It’s a common story: After working in construction awhile—sometimes with family, sometimes not—a guy or gal wants to strike out on their own. And so they buy, or rent, that first machine. The weekend jobs turn into steady work, either gradually or right off. Instead of one beater machine, the newly-minted contractor starts to gain a small fleet.
A couple of years later, when that contractor stops to take a breath, he’s got a going concern—a business—on his hands. He’s right in his comfort zone when he’s on the job, meeting clients, working with vendors, estimating, even getting behind a machine’s controls now and then.
Things aren’t so comfortable, however, when he sits down in front of his office computer. Banking, cash flow, insurance, bonding, human resources, marketing, making sense of the financial statements … they all add up to a whole lot of “not fun.”
“My father took care of all of that,” one contractor recently told me, “and when he became ill and had to retire, we suffered for years.”
More than one contractor has told me about sleeping in their trucks on a jobsite to make sure a project stayed on schedule. When there is so much concentration on field operations, accounts payable can get short shrift. It’s not an excuse, but it is a reason.
We know the business of business can get you down. And so in the coming months, our new “Construction University,” series and website will explore both the hot issues and the mechanics of running a good business.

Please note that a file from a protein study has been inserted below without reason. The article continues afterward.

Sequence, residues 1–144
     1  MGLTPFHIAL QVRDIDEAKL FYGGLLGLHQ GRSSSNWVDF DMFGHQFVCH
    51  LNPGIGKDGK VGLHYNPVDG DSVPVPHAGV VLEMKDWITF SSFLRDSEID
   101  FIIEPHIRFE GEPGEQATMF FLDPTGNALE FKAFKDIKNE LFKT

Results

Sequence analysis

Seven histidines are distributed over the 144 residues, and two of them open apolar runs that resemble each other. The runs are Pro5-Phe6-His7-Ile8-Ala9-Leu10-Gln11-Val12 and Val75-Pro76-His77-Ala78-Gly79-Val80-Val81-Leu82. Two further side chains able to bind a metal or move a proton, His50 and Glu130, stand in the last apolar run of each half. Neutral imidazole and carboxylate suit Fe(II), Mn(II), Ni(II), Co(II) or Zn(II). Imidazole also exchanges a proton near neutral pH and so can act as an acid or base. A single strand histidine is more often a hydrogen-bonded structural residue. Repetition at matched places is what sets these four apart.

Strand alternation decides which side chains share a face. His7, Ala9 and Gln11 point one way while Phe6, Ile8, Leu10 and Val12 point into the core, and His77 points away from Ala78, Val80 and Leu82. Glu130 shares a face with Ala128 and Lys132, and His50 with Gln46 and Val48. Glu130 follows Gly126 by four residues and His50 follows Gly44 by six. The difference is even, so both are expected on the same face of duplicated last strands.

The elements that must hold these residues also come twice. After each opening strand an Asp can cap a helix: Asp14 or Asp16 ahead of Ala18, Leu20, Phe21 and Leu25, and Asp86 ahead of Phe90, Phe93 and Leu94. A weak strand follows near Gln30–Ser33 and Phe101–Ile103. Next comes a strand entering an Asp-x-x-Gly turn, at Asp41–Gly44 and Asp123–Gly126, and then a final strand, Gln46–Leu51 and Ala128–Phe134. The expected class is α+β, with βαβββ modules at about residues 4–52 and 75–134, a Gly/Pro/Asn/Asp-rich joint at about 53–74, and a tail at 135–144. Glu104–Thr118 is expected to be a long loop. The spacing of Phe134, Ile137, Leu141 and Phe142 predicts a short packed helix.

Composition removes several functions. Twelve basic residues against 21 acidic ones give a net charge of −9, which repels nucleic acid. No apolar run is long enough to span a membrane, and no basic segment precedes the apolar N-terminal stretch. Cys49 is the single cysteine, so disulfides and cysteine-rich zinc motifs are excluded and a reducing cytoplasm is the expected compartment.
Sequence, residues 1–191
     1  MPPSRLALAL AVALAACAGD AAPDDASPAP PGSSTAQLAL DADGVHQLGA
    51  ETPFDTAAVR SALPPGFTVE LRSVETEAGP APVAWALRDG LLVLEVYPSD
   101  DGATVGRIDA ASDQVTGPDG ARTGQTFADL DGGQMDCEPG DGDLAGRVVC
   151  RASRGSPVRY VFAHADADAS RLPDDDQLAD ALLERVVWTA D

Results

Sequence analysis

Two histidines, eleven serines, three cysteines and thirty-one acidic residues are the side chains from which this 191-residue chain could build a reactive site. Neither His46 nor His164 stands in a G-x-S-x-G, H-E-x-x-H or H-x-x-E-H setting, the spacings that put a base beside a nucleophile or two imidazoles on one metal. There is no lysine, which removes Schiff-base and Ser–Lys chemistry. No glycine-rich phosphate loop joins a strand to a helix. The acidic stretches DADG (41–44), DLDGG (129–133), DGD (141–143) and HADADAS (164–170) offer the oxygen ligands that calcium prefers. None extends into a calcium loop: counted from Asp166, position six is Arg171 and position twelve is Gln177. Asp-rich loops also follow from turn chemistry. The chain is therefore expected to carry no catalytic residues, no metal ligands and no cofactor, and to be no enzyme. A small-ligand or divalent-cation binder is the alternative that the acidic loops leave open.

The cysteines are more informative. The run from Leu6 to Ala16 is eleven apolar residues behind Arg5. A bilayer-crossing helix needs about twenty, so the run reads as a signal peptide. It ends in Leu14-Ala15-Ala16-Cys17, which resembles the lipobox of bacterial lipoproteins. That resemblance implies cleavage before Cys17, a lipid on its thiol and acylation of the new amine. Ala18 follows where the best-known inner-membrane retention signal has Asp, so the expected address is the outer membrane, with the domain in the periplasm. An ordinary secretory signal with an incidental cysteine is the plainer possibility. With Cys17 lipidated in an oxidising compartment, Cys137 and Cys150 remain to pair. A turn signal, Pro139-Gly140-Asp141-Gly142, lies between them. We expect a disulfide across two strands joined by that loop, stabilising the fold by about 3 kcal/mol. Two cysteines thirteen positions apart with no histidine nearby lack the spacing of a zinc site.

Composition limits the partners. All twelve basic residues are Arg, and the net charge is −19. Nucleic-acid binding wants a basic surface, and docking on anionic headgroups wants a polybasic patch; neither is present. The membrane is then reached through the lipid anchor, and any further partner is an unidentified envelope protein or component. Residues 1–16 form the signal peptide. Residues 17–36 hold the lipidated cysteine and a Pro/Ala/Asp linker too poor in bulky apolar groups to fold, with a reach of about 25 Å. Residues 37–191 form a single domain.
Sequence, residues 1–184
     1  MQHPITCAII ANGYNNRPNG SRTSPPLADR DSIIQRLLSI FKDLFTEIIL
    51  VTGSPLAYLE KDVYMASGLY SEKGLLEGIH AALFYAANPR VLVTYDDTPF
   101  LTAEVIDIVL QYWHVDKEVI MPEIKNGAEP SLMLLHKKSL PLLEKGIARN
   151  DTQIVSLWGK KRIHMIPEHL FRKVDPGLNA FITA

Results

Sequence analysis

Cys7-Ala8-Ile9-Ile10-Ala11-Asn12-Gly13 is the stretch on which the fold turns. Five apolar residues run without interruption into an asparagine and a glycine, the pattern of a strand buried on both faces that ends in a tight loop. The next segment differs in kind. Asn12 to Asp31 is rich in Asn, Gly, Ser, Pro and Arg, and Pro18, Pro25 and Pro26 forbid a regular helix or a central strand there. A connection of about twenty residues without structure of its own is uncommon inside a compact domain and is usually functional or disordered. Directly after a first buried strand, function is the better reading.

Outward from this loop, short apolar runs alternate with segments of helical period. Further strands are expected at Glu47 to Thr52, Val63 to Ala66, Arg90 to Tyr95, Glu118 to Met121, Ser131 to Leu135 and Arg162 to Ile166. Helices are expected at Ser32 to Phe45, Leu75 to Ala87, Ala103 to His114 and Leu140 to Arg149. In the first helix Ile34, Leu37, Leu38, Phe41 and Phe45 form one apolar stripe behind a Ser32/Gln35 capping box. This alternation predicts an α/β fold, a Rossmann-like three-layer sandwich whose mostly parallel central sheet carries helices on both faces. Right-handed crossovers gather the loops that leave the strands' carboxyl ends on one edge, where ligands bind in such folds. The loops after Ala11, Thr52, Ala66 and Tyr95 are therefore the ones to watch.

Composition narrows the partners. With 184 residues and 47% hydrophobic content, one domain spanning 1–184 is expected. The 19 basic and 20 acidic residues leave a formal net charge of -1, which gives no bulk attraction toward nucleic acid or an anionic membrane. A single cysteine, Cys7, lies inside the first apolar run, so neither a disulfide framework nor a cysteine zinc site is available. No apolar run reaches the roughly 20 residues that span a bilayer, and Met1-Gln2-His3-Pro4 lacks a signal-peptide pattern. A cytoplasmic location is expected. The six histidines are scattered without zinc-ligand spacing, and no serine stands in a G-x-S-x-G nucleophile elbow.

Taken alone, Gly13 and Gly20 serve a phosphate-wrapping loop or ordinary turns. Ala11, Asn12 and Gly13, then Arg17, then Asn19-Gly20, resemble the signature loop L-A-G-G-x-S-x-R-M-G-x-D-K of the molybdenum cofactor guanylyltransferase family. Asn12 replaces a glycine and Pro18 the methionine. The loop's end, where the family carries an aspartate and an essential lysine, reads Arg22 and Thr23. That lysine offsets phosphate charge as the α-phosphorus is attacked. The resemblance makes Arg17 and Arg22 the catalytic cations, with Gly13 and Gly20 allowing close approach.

First up, we tackle the topic many contractors think they’re immune to: embezzlement. But as one of our experts told us, “It’s tempting to think you’ll hire this perfect person to run the office and you won’t have to worry about it. Contractors have to get interested in their company’s bookkeeping. Show as much interest in accounting as you do in the field.”
Construction University will be much more than what you see in print. This month, our companion website, theconstructionuniversity.com, will offer a downloadable “Top 10 signs you are being embezzled” infographic, one contractor’s tale of embezzlement and a list of actions you can take now to counter embezzlement schemes.
We welcome your comments and especially your experiences. If the school of hard knocks has given you some valuable lessons in a certain area, we’d love to help you share them with the rest of the construction community. We appreciate the generosity of Case Construction Equipment and the participation of the Association of Equipment Management Professionals in bringing this series to you.
Our hope is that you’ll view Construction University as a go-to resource when you’re in a quandary about a troubling business issue … or just want to see how other contractors are dealing with the same concerns.